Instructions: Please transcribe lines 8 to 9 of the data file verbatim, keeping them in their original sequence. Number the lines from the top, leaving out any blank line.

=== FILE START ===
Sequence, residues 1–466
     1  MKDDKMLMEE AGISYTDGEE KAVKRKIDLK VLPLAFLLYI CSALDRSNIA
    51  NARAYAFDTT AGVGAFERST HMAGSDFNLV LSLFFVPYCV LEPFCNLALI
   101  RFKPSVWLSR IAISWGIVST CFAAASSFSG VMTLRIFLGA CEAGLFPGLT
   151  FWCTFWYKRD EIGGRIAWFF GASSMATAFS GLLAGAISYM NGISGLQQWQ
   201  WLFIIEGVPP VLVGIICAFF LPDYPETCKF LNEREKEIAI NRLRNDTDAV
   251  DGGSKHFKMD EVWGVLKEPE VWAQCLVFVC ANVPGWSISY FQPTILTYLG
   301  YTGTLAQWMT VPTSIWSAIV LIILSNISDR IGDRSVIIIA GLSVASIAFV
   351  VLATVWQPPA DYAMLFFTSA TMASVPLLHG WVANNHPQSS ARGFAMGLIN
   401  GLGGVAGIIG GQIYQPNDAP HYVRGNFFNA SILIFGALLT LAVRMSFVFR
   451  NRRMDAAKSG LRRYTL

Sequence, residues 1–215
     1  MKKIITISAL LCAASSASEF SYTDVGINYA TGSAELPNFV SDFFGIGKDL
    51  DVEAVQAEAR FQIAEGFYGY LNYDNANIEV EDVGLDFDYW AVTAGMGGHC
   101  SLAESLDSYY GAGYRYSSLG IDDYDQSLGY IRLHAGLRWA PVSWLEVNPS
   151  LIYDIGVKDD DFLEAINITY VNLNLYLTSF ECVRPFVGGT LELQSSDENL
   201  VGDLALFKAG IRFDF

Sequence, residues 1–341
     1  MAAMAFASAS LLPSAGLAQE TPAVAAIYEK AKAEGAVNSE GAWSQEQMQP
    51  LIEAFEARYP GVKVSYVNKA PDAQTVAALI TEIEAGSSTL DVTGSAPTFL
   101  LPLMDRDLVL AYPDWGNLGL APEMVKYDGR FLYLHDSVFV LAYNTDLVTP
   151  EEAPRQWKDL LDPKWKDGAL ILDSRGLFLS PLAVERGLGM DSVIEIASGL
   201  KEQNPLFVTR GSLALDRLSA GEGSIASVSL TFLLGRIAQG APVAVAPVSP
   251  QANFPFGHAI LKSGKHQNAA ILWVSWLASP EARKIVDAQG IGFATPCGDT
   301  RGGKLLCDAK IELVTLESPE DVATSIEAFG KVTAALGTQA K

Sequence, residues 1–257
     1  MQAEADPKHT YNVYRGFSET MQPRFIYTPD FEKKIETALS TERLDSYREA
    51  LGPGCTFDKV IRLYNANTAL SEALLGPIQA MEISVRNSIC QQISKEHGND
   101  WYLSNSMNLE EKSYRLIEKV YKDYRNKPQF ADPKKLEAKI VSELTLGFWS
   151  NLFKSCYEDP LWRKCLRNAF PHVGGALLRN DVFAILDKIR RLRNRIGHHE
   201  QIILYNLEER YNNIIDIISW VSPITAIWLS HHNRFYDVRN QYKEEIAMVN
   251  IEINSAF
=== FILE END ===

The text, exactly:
   301  YTGTLAQWMT VPTSIWSAIV LIILSNISDR IGDRSVIIIA GLSVASIAFV
   351  VLATVWQPPA DYAMLFFTSA TMASVPLLHG WVANNHPQSS ARGFAMGLIN